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I'm using CiviCRM with Drupal. When upgrading a site to a new CiviCRM major version, it's very useful to know all the database schema changes introduced in the new version, so that any custom code referring to database fields can be amended accordingly.

A case in point is civicrm_contribution_recur.next_sched_contribution -> next_sched_contribution_date in 4.3 -> 4.4 .

"You shouldn't be accessing database fields directly, you should be using the CiviCRM API", I hear someone say. Often that is the preferred approach but even so, API v3 is very closely tied to the database structure and the fields returned by an API call reflect the database field names, so the code would still need amending.

A really useful resource for CiviCRM would be an equivalent of Drupal's Converting n.x modules to (n+1).x documentation.

  • Invoke hook_schema() for the modules you're interested in before the upgrade, save the result, then do the same thing afterwards. Diff the two, voila - that's what changed – Clive Nov 6 '14 at 11:22
  • Thanks Clive, however I believe CiviCRM does not use hook_schema. Being CRM-agnostic, it creates and updates its db schema itself. That's a useful tip for other modules, however. – davejenx Nov 6 '14 at 11:38
  • Ah, my bad I didn't realise that – Clive Nov 6 '14 at 11:41
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One way to do it would be to pore through the CRM/Upgrade/ directory in the new version, looking for schema changes. However these are distributed across multiple files, depending on which alpha or beta version the change was introduced in. E.g. the next_sched_contribution_date change was introduced in this file:

civicrm/CRM/Upgrade/Incremental/sql/4.4.alpha1.mysql.tpl

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An easier way of doing it from a pure structural perspective is to use a mysql schema diff tool, something like:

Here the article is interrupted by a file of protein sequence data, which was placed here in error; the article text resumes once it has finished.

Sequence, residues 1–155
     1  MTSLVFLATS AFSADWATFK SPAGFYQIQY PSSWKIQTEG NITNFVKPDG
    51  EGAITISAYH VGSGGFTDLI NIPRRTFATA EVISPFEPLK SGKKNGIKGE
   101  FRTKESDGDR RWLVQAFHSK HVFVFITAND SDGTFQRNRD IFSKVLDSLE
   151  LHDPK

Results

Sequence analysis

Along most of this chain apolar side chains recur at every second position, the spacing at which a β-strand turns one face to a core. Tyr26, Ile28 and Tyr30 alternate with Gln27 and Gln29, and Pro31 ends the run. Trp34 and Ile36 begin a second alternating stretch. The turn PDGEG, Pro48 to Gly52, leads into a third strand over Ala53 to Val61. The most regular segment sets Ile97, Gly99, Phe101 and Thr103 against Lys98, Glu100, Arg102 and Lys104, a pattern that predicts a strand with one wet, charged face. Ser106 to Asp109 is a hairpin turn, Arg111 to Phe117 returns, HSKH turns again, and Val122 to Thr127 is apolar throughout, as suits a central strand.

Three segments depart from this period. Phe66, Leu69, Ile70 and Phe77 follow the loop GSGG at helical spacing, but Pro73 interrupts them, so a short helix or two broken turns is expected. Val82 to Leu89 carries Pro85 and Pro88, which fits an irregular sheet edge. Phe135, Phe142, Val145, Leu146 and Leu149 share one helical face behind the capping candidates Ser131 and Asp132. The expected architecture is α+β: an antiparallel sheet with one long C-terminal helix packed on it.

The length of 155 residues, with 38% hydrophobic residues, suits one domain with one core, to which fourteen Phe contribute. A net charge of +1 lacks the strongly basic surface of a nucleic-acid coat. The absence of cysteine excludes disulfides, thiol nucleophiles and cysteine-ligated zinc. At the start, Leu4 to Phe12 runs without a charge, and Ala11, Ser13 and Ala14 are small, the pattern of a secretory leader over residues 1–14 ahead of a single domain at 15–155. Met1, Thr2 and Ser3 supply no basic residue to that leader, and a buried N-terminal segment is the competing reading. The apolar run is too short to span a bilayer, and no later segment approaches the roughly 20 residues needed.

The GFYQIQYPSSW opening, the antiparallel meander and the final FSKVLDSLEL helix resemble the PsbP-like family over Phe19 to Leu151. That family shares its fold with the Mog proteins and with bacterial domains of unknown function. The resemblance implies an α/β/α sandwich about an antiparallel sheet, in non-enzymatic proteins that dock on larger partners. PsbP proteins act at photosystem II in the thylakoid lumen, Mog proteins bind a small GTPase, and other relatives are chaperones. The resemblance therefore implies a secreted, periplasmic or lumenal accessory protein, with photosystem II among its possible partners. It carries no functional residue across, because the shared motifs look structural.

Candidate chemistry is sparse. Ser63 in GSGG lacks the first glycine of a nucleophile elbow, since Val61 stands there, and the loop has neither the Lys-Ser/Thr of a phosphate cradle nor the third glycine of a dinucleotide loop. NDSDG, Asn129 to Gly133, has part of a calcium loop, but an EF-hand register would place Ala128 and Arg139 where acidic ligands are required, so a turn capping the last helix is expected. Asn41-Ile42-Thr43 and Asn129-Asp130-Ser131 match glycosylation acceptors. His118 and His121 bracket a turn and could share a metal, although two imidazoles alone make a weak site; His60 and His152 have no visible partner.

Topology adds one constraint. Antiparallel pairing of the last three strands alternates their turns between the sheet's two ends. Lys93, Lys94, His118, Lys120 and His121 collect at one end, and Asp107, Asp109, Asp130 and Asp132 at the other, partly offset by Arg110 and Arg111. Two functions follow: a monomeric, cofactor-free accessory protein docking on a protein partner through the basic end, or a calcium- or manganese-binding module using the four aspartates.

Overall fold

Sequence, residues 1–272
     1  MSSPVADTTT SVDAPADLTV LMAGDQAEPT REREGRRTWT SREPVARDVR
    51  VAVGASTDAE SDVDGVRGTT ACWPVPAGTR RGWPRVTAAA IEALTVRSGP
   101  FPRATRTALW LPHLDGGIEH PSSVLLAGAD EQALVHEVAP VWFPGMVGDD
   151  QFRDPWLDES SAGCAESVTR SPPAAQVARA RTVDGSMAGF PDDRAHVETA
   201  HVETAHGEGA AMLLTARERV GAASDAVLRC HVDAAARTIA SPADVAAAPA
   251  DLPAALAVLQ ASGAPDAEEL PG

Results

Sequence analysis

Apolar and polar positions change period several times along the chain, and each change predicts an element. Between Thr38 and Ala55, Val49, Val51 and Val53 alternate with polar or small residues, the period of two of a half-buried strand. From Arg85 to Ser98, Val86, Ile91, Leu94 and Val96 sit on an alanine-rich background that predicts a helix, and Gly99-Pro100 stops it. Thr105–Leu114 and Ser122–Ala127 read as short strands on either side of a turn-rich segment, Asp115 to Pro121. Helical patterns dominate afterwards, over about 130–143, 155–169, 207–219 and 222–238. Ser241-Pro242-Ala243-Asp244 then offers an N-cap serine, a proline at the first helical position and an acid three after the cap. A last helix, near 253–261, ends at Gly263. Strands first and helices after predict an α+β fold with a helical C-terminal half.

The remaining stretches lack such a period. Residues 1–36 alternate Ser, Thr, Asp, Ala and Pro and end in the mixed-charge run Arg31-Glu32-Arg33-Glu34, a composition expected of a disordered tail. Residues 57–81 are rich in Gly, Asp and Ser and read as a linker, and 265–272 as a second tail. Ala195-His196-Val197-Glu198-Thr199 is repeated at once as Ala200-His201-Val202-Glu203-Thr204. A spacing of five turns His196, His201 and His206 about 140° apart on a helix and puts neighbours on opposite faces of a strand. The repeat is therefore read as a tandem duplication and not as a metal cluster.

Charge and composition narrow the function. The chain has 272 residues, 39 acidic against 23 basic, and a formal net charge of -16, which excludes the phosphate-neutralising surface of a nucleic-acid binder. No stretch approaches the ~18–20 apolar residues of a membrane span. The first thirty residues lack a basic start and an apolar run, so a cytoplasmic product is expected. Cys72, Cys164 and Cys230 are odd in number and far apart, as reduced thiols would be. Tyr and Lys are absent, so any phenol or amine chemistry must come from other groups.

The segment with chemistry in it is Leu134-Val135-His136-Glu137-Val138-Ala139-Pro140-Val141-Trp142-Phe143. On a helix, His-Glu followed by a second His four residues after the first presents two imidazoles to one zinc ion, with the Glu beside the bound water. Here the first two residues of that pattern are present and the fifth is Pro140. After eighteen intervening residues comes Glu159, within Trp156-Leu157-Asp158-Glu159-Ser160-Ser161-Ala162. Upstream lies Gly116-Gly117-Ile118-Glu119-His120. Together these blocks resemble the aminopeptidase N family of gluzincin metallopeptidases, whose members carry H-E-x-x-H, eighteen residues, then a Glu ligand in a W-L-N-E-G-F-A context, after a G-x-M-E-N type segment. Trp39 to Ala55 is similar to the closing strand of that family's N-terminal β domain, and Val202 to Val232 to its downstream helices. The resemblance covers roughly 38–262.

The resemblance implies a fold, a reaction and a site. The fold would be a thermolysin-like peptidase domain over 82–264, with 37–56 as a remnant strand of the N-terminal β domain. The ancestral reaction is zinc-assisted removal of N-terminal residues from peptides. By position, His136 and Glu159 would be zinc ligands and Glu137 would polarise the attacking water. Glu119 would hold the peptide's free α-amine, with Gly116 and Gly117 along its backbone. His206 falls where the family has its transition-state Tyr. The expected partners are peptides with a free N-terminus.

http://adamspiers.org/computing/mysqldiff/

However that might not give you all the changes, but i suspect will catch most changes. A lot better to do it in an automated way, IMO :)

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Another option would be to diff the xml schema between versions. The xml schema files are not shipped in the tar.gz releases, only in git, so it's not exactly the most user-friendly method, but it could be a good starting point.

You could also try:

git log -w -p tag1..tag2 xml/schema

For example:

git log -w -p 4.4.5..4.5.2 xml/schema

Not perfect, but semi-comprehensible.

  • The command syntax as given doesn't work, however this does: "git log -w -p 4.3.0..4.4.0 xml/schema" Thanks for pointing me in that direction. This approach results in pretty verbose output, e.g. including many commits that simply add comments, so it can be difficult to see the wood for the trees. The best approach I think would be to document and explain schema changes per major version but given that this doesn't seem to be done currently, your answer is very helpful, thank you. – davejenx Nov 10 '14 at 13:50
  • Comparing 4.4.0 with 4.5.0 using this method produces 19061 lines of output - far too much to wade through and mostly not real schema changes, e.g. adding titles. So I opted for a mysql schema diff tool, mysqldbcompare, which produced 1400 lines. I have edited this down to a fairly compact summary and will happily document that somewhere if it's of interest. – davejenx Jul 6 '15 at 17:25
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I have now found a viable approach to identifying the changes, using mysqldbcompare. I've added a couple of pages to the CiviCRM Wiki, under Developer Resources -> Reference Sheets -> Database Reference:

Database Schema Changes: CiviCRM 4.4 to 4.5

Database Schema Changes: CiviCRM 4.5 to 4.6

Note that there is now a CiviCRM Stack Exchange site, currently in beta. Should this question move there?

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